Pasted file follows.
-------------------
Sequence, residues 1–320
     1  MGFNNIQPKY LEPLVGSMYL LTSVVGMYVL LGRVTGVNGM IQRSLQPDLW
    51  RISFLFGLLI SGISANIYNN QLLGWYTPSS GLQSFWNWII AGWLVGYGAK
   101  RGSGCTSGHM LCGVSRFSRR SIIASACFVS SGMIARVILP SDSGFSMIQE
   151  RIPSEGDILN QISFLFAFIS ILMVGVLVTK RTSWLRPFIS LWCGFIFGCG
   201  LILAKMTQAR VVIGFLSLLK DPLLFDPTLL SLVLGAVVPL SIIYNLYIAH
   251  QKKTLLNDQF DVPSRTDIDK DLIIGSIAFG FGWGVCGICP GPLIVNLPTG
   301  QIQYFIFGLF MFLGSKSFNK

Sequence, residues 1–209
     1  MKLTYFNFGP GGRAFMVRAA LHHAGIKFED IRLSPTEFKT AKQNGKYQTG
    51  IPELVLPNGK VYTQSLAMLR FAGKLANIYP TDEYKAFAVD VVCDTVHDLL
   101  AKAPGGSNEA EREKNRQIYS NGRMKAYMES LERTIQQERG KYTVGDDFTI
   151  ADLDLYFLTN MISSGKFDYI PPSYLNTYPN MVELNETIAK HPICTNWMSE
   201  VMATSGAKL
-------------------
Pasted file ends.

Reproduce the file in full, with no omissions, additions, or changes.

Sequence, residues 1–320
     1  MGFNNIQPKY LEPLVGSMYL LTSVVGMYVL LGRVTGVNGM IQRSLQPDLW
    51  RISFLFGLLI SGISANIYNN QLLGWYTPSS GLQSFWNWII AGWLVGYGAK
   101  RGSGCTSGHM LCGVSRFSRR SIIASACFVS SGMIARVILP SDSGFSMIQE
   151  RIPSEGDILN QISFLFAFIS ILMVGVLVTK RTSWLRPFIS LWCGFIFGCG
   201  LILAKMTQAR VVIGFLSLLK DPLLFDPTLL SLVLGAVVPL SIIYNLYIAH
   251  QKKTLLNDQF DVPSRTDIDK DLIIGSIAFG FGWGVCGICP GPLIVNLPTG
   301  QIQYFIFGLF MFLGSKSFNK

Sequence, residues 1–209
     1  MKLTYFNFGP GGRAFMVRAA LHHAGIKFED IRLSPTEFKT AKQNGKYQTG
    51  IPELVLPNGK VYTQSLAMLR FAGKLANIYP TDEYKAFAVD VVCDTVHDLL
   101  AKAPGGSNEA EREKNRQIYS NGRMKAYMES LERTIQQERG KYTVGDDFTI
   151  ADLDLYFLTN MISSGKFDYI PPSYLNTYPN MVELNETIAK HPICTNWMSE
   201  VMATSGAKL